The discovery of being pregnant came with mixed feelings.   A lot of fears of the unknown as well as disappointments from the previous birth arose and took me by surprise.  I thought I had dealt with them all at the time but I guess the reality of being pregnant and the inevitability of giving birth reawakened them.  Despite being told that a natural birth was most likely not going to be possible I began researching about VBA2C (vaginal birth after 2 cesareans) out of curiosity.  I came across some positive stories and found some information that made it sound like it could be possible.  This gave me some hope that I tucked away for a later stage in my pregnancy when I would need to make some decisions about my birth plan.  I found a lovely midwife and when I mentioned my thoughts of shooting for a VBA2C to her she didn't dismiss the idea either.  I found this both encouraging and alarming at the same time.  On the one hand I had this desire to try for a natural birth, but then on the other hand I wondered if I just wanted someone to say it wasn't possible and to shut that door since going after that meant that I would be opening the door to possible disappointment, failure and fear of the unknown.   I continued forward in the pregnancy aiming for a natural birth and doing everything on my end to work towards that while at the same time trying to hold the outcome loosely knowing that there is a lot of "unknowns" with any birth.  I had already experienced disappointment with Hudson's birth so I wanted to make sure I guarded myself this time round.  The lead up to my due date was a little bumpy especially as I approached the end, but the main thing was that I could give it all to God and trust Him with it all. Some days I felt peace and other days I battled with fears in all shapes and sizes.  One verse that I felt God had given to me was "I will go before you and make the crooked places straight".  Don't get me wrong, my past two births were not entirely negative at all, God used them for good and I was given two beautiful healthy baby boys.  But in terms of my desire for a natural birth, I couldn't shake this and I felt there were some areas that I longed to see redeemed.  A song called "Take Courage" by Kristene DiMarco (YouTube it cos its amazing) encouraged me so much during these moments of fear.  I don't feel like I'm naturally a courageous person so this song was perfect.  It is also about God being in the "waiting" seasons of life which was so helpful to be reminded of.  I felt so impatient at times and just wanted to take control and get the birth over and done with.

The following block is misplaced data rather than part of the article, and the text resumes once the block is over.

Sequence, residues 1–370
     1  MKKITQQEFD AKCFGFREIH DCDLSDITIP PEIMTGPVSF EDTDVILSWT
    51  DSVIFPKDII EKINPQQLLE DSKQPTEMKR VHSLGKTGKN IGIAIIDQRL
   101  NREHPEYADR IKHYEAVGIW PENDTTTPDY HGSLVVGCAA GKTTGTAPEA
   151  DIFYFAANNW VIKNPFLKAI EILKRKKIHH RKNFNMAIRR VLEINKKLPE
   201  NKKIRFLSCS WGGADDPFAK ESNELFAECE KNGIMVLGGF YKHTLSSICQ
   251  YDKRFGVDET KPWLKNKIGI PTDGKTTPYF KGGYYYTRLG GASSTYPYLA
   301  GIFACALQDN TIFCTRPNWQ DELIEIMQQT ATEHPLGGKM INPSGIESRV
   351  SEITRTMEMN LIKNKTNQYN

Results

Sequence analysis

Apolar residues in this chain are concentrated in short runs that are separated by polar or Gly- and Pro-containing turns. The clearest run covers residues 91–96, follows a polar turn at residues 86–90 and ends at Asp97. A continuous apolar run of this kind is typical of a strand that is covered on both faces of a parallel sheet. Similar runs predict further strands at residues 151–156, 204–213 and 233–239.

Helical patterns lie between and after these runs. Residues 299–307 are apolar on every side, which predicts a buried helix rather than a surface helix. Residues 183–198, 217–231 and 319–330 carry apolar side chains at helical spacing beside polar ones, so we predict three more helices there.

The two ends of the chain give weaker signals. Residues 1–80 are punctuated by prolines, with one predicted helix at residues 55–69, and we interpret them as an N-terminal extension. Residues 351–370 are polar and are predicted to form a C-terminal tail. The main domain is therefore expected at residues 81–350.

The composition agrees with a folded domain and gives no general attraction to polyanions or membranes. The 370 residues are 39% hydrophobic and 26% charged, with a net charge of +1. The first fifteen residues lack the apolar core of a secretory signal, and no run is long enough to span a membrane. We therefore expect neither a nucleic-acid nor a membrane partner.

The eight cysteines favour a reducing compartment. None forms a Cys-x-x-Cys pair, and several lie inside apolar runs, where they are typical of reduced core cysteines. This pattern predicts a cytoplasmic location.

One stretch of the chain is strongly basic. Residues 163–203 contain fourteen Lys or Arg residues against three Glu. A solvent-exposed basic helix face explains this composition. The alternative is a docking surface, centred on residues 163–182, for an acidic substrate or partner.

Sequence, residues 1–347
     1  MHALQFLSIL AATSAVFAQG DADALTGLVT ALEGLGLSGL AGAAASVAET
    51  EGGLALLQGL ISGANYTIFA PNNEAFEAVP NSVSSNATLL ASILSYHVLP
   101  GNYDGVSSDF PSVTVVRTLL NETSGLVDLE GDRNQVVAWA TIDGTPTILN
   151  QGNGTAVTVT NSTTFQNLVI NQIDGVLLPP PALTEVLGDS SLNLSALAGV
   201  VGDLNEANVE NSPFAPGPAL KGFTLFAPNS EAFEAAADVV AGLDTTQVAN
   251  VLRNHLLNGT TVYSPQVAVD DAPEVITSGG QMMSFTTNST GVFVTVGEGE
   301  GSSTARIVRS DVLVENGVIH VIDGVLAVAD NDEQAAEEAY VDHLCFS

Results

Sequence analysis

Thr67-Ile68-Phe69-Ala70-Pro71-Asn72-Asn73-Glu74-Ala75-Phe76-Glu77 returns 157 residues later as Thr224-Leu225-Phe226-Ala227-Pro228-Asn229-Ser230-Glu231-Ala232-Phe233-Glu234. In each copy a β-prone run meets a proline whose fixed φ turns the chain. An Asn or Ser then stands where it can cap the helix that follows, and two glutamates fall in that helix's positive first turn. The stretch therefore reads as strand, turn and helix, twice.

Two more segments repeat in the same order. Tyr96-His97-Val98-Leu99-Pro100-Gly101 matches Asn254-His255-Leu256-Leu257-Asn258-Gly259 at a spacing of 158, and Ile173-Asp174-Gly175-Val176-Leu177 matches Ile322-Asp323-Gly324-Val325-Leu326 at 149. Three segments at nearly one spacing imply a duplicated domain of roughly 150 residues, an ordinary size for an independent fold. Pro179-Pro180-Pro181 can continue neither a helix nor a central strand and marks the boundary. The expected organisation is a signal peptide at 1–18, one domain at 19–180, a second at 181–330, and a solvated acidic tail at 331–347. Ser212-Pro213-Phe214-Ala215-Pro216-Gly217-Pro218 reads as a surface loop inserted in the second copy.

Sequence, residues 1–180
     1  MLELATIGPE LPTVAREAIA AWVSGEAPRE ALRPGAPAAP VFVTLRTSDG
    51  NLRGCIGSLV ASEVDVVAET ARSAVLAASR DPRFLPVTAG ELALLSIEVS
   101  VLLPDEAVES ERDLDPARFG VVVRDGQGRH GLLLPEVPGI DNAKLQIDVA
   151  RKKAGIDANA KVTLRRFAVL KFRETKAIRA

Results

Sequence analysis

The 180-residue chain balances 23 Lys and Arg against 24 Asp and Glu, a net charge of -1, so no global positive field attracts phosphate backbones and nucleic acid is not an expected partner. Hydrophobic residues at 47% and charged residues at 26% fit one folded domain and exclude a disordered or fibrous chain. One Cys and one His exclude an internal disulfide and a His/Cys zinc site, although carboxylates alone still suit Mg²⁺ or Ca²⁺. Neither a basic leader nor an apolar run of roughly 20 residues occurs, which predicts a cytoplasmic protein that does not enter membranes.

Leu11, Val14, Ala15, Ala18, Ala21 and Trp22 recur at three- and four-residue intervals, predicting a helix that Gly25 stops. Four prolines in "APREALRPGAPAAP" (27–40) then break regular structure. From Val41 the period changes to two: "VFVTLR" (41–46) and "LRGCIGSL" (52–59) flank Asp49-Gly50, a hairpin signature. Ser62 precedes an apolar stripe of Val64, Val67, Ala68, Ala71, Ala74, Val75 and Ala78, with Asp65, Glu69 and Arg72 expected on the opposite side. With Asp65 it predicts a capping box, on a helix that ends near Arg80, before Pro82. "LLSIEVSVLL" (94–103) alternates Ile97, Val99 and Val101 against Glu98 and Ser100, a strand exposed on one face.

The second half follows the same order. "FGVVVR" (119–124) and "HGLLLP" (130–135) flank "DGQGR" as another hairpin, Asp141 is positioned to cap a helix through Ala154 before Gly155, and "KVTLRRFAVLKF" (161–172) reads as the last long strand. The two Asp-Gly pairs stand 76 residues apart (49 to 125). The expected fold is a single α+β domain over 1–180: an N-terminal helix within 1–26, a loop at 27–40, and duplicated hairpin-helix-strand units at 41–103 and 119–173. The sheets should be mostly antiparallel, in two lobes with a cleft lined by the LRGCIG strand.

Preparations for a natural birth:

Once I hit 30 weeks the reality of what was ahead was that much more real.  Based on what I had been researching, I started to form a plan.  I can be a bit of an "all or nothing" person and I threw myself into trying all sorts of things if it meant it could help the outcome.  Some of these things I'm sure I would have judged as ridiculous in the past, but I was up for anything.  I had researched a bit about Hypnobabies and Hynobirthing but knew it was going to be too difficult to find a time to go to classes with two other children to think about.  I ended up purchasing a Hypnobabies course online which I did in my own time.  For 6 weeks I took time to practise this most nights once the boys were in bed.  I wrote out verses to meditate on during my Hypnobabies practise and these were helpful to have on hand whenever doubts and fears would creep in.  During labour I didn't actually end up using the specific techniques that I had practised but I don't regret doing the course since it gave me something positive to focus on as I got closer to the due date.   There was an educational component to the course which was helpful as I learnt more about common birth interventions and why they are used so that if I was in a situation where doctors were giving me options for things then I would already have a background knowledge.    Most nights while watching a show or a movie with Cody I'd be on all fours to encourage the baby to get into a good position.  When I think about all those nights doing this and the sore wrists I got its a little funny, but I was determined to avoid a posterior baby.  I wanted to look back and know I had done everything I could to set myself up for a natural birth.  I am thankful that Cody was always supportive of this and wouldn't get annoyed or make me feel silly cos he easily could have.  I became used to sitting upright or leaning my body forward whenever I could to encourage a good position, this included while driving since that can be one of the worse angles.  I read and watched positive birth stories.  From about 34 or 35 weeks on, I included many dates in my diet since I read some articles about the possible affect dates can have on preparing the uterus for birth. By the end I was definitely over the taste and texture of them.  I bought some homeopathic 'Birthmix' (see here http://ohnatural.co.nz/product/qbaby-birthmix/ ) to take which was supposed to also help prepare the uterus for birth.  I drank a ton of red raspberry leaf tea.  I bought some essential oils that I wanted to have on hand in case they were needed during labour.  I'm not saying that any of these things definitely contributed to having a natural birth but I can't say that they didn't either,  at the end of the day, who knows.

In part two, I will write the details of the day of the birth and the birth itself.

2 comments:

  1. Hi Olivia! I am SO excited for Part 2! I also love birth stories; I always learn so much from them. And I am so excited to read about a potential VBA2. Thank you so much for sharing your story and your heart. I also want to say I'm so sorry about your 3 miscarriages. I have had 2 and I know it's so hard on the body and the heart. Love to you from the USA :) xo, laura van kirk